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Polaris 8 Results: Jones Defeats Keenan, Ryan, and Khera Victorious!

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DECEMBER 9, 2018, Ice Arena Wales – Cardiff just witnessed the 8th edition of the Polaris Jiu Jitsu Invitational, a promotion widely regarded as Europe’s finest. After the last few events taking place in London and Poole, Polaris made its return to Cardiff, where it started.

The event called upon the top Walsh grapplers to meet at the prelims show, and, hopefully, continue the event’s tradition of exciting opening round matches. Although we didn’t see the prelims hold on to the incredible standard set by Polaris 7 – which was understandably high, it did provide entertaining moments, particularly from Tom Halpin, one of the athletes on the early matches, who is becoming one of Polaris’ “Trump Cards” in these prelims bouts. Another very solid performance by the young Irishman.

With the Main Card (full match descriptions below), the night’s big winners were Craig Jones, Mansher Khera, and Nicky Ryan, who came out with Polaris Jiu-Jitsu Invitational belts in their respective categories, all with very solid performances.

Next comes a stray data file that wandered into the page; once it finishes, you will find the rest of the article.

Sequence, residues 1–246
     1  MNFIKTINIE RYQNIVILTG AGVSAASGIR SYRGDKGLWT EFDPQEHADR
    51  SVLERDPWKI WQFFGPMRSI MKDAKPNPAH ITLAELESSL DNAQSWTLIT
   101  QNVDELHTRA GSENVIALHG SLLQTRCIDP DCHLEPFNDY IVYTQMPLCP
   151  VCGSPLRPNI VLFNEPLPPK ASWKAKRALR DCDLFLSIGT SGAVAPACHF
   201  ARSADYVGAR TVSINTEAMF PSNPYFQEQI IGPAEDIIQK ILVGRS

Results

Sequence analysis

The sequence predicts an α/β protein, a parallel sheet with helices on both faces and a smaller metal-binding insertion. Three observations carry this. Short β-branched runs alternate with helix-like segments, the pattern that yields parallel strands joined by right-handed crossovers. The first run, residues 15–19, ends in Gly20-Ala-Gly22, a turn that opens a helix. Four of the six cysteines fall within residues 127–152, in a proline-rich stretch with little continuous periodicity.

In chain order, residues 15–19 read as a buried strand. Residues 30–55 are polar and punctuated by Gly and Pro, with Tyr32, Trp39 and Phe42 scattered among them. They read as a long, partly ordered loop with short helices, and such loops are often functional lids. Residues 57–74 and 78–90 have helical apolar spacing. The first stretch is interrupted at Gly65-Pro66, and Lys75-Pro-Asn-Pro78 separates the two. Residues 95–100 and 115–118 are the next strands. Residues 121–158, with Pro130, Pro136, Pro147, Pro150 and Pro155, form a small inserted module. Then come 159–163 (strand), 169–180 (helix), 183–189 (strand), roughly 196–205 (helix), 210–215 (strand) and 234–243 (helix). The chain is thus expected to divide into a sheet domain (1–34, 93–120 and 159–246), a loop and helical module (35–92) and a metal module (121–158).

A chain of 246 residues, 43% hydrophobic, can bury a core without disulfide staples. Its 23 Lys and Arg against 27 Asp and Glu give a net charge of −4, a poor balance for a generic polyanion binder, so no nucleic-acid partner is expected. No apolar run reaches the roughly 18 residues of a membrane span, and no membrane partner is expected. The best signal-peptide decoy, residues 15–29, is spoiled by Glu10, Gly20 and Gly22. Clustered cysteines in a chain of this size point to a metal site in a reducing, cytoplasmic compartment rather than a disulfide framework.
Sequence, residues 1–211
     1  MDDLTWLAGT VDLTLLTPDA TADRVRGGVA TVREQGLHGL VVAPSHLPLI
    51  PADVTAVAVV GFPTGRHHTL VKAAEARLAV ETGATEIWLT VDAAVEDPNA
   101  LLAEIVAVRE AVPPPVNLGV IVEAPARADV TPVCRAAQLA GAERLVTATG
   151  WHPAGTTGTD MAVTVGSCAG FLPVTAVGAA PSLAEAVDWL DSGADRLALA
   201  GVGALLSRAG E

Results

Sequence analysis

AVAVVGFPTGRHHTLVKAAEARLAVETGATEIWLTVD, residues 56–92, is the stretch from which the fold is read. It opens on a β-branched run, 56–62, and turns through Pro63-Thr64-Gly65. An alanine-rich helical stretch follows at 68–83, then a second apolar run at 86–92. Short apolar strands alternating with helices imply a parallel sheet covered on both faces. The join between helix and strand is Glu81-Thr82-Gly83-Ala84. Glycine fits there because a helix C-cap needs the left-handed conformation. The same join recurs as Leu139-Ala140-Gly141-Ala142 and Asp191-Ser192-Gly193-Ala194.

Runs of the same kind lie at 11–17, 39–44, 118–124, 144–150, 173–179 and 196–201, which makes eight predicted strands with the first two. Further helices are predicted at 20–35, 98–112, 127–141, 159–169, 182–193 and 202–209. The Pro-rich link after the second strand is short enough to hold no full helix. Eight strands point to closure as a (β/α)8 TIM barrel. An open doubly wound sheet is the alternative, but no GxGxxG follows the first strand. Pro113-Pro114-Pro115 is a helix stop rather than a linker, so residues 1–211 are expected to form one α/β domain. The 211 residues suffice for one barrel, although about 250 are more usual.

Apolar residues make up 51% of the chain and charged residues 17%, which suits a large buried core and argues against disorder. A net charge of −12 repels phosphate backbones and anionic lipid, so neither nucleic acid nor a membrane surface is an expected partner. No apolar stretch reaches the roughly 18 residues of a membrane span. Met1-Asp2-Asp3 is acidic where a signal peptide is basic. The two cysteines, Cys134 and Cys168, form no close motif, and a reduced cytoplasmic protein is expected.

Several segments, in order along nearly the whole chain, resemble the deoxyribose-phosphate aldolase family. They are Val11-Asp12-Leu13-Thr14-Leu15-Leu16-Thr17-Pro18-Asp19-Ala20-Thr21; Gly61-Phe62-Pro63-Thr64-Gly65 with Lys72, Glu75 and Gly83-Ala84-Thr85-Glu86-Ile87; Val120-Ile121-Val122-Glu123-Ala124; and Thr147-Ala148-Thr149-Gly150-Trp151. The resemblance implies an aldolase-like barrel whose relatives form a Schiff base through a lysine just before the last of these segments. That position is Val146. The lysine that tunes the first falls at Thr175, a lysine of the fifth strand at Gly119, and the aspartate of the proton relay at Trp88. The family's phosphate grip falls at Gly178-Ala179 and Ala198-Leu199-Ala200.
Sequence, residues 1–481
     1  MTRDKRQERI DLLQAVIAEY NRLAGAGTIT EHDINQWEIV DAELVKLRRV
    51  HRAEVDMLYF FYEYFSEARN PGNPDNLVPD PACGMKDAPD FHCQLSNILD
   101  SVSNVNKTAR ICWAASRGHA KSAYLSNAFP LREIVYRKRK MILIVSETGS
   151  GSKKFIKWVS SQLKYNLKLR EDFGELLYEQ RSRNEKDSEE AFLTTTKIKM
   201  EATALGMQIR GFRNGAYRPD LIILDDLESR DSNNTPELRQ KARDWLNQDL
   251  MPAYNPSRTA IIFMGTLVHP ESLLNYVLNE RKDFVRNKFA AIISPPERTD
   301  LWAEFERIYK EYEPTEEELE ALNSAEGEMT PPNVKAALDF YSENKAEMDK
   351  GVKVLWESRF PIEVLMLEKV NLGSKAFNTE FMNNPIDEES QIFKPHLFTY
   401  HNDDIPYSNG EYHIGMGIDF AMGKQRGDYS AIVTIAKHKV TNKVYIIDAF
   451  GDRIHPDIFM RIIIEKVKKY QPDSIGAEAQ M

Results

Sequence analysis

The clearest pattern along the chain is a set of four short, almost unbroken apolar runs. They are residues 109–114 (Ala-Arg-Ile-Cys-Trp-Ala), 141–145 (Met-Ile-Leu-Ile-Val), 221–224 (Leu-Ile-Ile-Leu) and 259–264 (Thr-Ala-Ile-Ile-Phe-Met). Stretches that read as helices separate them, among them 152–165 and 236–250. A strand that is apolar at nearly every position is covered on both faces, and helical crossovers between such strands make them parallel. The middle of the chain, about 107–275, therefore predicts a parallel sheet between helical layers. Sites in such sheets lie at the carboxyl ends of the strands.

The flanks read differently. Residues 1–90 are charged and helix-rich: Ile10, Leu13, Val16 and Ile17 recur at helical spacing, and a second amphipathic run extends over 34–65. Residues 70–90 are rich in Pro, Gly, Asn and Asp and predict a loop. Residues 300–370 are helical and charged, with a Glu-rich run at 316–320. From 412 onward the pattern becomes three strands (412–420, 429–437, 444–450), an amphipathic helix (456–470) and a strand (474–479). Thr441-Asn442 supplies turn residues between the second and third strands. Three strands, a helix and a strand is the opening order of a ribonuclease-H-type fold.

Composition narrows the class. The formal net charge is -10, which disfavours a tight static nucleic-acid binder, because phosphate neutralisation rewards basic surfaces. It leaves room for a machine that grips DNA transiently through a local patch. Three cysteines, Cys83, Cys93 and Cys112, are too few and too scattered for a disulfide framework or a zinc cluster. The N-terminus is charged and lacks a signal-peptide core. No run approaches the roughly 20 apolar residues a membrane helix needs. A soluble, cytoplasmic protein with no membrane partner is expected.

Preliminary Card

– NOGI Catchweight (88 kg)
Matty Holmes def. Kieran Davern via split decision

– NOGI Catchweight (86 kg)
Frederic Vosgrone def.Lew Long by decision

– NOGI Welterweight (77.1 kg)
Paul Redmond def. Craig Ewers by decision

– NOGI Catchweight (110 kg)
Ed Ingamells def. Jamie Hughes by outside heel hook

– NOGI Catchweight (75 kg)
Bryn Jenkins def. Harry McKnight by RNC/cross face

– NOGI Catchweight (68 kg)
Tom Halpin def. Brett Johns by inside heel hook

Main Card

– GI Catchweight (80 kg)
Santeri Lilius def. Pedro Bessa by decision

Unfortunately, the only gi match of the night did not showcase the best the gi has to offer. Much of this came down to the match-making, and Lilius’ own preferred game – 50/50 guard. Although the younger Santeri controlled most of dynamics of the bout, the insistence in opting to push for the fifty slowed down what was being (until that point) an enjoyable match.

Lilius did attack a very tight kneebar, and a couple of straight ankle locks from that position, but it wasn’t enough to get us, or referee Oliver Geddes excited, Geddes who was forced to give an inactivity warning and stand the athletes back up… Only for them to land back in the same position after a scramble. Not a terrible match, but not the best either.

– NOGI Featherweight (65.8 kg)
Nicky Ryan def. Masakazu Imanari by RNC

As we referenced on our preview piece, we expected Ryan to come out on top, being a more complete/diverse grappler, and with lesser holes in his game. Veteran Imanari, however, proved to be a tougher opponent than what we had envisioned, showing great guard retention throughout the match, while continuously attacking Nicky’s legs.

Ryan remained composed, defending the legs while attacking heel hooks of his own and implementing a forward moving game-plan of leg drags and crab-rides from the leg entanglements, always looking to take the back. Once he succeeded, it seemed to be a matter of time until Ryan got what he wanted. A good segment of a fun division for the future, this was a great, exciting match.

– NOGI Absolute (- kg)
Daniel Strauss def. Satoshi Ishii by decision